Dacre's game is of course to counterpose “Russian totalitarianism” with “the market economy”, turning up the heat until there's no other show in town. That's how he came to be chief of the newspaper that hated thinking. Despite the fact that guys like Ralph Miliband spent their lives considering that other choice, what it might look like and how we could get there.
Four years ago it was revealed the global economy was essentially running on thin air and the banking system almost collapsed overnight. Even with the massive cuts to people's living standards that ensued, that we are all now supposed to obligingly suffer, there is not a single lesson to be learnt from that. We should rebuild the “market economy” exactly as it was at the point just before it broke.
But back in 1917 the Russian revolution ended in...yes... totalitarianism. First they installed a command economy. (With, inevitably enough, themselves in command.) They didn't even stick to that very well themselves. But that is the single point in world history that we must keep coming back to. Everything we need to know about everything is here. Pay no attention to the little man behind the curtain.
There could however be an upside to this sorry story. If as a result of it a few more people were to pick up one of Ralph's books, they might find that what he advocated bears no relation to Ed's sorry business-as-usual policies and is actually something quite sensible. They might find that other show in town.
Post-script: Are you hated by the Daily Mail? Try this simple test.

Saturday, 5 October 2013

MAINLINER (GIG-GOING ADVENTURES)

Green Door Store, Brighton, Sat 28th Sept,


Just one day after the Guardian published a feature on 'The New Generation of Psychedelic Adventurers', suggesting not so much a revival as psychedelia becoming a touchstone for contemporary music which aims at a systematic derangement of the senses - and who should stroll into a local venue?

Exhibit A (aka Mainliner) are but one of the many side-projects of Acid Mothers Temple, featuring (in this incarnation) guitarist Kawabata Makoto, drummer Shimura Koji from the mothership, augmented by Bo Ningen bassist Kawabe Taigen. Their name, deriving from taking drugs in an undiluted form, couldn't be more appropriate. For the trio are channelling quite a specific moment in music history – 1969. After psychedelia had hit on heavy riffs, but before it got corralled into hard rock.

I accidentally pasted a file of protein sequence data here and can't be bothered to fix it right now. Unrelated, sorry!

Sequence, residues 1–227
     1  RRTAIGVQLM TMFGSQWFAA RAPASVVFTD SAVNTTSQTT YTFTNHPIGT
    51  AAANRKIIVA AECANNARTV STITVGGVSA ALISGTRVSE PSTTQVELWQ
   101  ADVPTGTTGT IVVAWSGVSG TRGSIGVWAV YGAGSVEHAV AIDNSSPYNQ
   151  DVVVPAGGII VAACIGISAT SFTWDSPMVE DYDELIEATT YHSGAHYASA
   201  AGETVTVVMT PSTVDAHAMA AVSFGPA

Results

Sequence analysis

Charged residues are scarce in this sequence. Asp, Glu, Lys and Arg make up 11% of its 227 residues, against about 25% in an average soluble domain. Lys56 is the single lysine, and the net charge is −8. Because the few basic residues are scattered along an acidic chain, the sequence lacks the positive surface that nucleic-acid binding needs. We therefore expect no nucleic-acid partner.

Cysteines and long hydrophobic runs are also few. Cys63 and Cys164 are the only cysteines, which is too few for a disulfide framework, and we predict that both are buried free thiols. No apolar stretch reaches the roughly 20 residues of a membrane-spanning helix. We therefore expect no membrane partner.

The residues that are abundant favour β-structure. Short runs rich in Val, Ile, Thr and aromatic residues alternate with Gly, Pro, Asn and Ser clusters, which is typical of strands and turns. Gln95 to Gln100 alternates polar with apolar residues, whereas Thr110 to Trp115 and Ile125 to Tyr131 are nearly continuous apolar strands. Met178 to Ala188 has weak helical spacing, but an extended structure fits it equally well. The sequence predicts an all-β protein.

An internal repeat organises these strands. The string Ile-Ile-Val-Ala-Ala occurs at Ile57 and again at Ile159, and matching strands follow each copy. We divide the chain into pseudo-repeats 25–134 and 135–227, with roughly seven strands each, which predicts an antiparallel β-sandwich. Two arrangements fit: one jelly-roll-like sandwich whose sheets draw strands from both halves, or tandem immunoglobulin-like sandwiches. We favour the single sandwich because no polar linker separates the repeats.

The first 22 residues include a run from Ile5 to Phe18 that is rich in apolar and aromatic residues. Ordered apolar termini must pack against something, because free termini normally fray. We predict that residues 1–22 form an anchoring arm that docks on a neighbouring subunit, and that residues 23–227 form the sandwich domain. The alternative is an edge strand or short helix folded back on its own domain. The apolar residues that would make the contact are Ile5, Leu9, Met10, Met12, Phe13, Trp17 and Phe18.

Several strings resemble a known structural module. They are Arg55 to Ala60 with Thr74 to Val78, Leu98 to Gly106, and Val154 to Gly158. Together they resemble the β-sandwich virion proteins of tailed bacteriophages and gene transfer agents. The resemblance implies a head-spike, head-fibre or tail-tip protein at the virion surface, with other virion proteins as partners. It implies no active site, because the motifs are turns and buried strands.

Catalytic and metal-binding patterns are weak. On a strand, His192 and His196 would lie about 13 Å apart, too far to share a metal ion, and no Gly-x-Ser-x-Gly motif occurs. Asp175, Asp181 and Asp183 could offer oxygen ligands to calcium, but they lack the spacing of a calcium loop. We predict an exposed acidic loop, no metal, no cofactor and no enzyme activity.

Typically, tracks start off with a squall of noise before plunging into a pummelling riff, often accompanied by space-chant scat vocals. Just when your eyes become spirals and your brain gets convinced it's all been going on forever so will presumably carry on in the same vein, it abruptly turns a corner into something else.

They can wring a surprising variety of sound from this formula. It's heavy... it's quite possibly heavier than heavy, but without ever sounding fixed or confining. It's deranged as a vision-addled shaman chewing dodgy roots face-down in a ditch, it's as disciplined as a marching army. It's music to, in Jim Morrison's immortal phrase, break on through to the other side. Possibly through the use of explosives.

My only complaint would be the occasional but persistent outbreaks of guitar heroics. Okay, this has all been put together by a guitarist and such stuff was an occupational hazard in the heyday of this music. But we're not after a note-for-note re-enactment, and we should be over all that all now. We want the psychedelia that passed safely through the filter of punk.

Though a short set, it seemed less a gig than a happening – and I can't think of finer praise than that, really. It really is hard to recount without lapsing into the vernacular of the era, and calling it “spacey,” “far out” or something similar. But then maybe, like that era, you simply had to be there.

Will a YouTube clip serve as a replacement? Probably not, but here's one anyway. From Birmingham, slightly earlier in the tour...


From an earlier incarnation of the band. But worth linking to anyway. You'll see why...